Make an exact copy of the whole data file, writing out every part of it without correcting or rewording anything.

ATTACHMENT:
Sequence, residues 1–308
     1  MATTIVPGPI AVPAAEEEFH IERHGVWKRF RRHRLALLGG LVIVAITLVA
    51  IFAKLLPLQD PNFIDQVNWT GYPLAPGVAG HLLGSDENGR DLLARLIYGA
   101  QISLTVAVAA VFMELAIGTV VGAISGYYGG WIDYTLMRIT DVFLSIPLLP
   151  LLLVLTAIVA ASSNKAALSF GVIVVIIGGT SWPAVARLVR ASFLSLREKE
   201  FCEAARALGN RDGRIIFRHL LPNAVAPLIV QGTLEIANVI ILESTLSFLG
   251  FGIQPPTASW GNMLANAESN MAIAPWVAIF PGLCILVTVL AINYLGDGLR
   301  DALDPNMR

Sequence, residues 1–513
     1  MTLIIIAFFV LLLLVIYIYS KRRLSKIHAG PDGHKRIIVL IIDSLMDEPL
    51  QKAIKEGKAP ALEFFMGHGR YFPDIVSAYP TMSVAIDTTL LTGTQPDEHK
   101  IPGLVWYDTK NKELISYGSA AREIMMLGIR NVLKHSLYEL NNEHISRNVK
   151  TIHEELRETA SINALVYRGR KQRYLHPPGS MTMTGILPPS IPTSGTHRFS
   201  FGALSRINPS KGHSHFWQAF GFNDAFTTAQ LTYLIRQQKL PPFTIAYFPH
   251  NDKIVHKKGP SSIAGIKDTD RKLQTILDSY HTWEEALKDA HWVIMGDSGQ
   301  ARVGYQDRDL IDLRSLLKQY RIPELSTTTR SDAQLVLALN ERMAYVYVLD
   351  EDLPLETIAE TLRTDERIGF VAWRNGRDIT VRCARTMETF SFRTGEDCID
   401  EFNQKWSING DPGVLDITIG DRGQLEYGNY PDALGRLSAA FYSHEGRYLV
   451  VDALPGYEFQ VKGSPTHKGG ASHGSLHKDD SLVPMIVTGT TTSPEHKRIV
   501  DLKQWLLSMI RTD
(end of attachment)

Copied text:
Sequence, residues 1–308
     1  MATTIVPGPI AVPAAEEEFH IERHGVWKRF RRHRLALLGG LVIVAITLVA
    51  IFAKLLPLQD PNFIDQVNWT GYPLAPGVAG HLLGSDENGR DLLARLIYGA
   101  QISLTVAVAA VFMELAIGTV VGAISGYYGG WIDYTLMRIT DVFLSIPLLP
   151  LLLVLTAIVA ASSNKAALSF GVIVVIIGGT SWPAVARLVR ASFLSLREKE
   201  FCEAARALGN RDGRIIFRHL LPNAVAPLIV QGTLEIANVI ILESTLSFLG
   251  FGIQPPTASW GNMLANAESN MAIAPWVAIF PGLCILVTVL AINYLGDGLR
   301  DALDPNMR

Sequence, residues 1–513
     1  MTLIIIAFFV LLLLVIYIYS KRRLSKIHAG PDGHKRIIVL IIDSLMDEPL
    51  QKAIKEGKAP ALEFFMGHGR YFPDIVSAYP TMSVAIDTTL LTGTQPDEHK
   101  IPGLVWYDTK NKELISYGSA AREIMMLGIR NVLKHSLYEL NNEHISRNVK
   151  TIHEELRETA SINALVYRGR KQRYLHPPGS MTMTGILPPS IPTSGTHRFS
   201  FGALSRINPS KGHSHFWQAF GFNDAFTTAQ LTYLIRQQKL PPFTIAYFPH
   251  NDKIVHKKGP SSIAGIKDTD RKLQTILDSY HTWEEALKDA HWVIMGDSGQ
   301  ARVGYQDRDL IDLRSLLKQY RIPELSTTTR SDAQLVLALN ERMAYVYVLD
   351  EDLPLETIAE TLRTDERIGF VAWRNGRDIT VRCARTMETF SFRTGEDCID
   401  EFNQKWSING DPGVLDITIG DRGQLEYGNY PDALGRLSAA FYSHEGRYLV
   451  VDALPGYEFQ VKGSPTHKGG ASHGSLHKDD SLVPMIVTGT TTSPEHKRIV
   501  DLKQWLLSMI RTD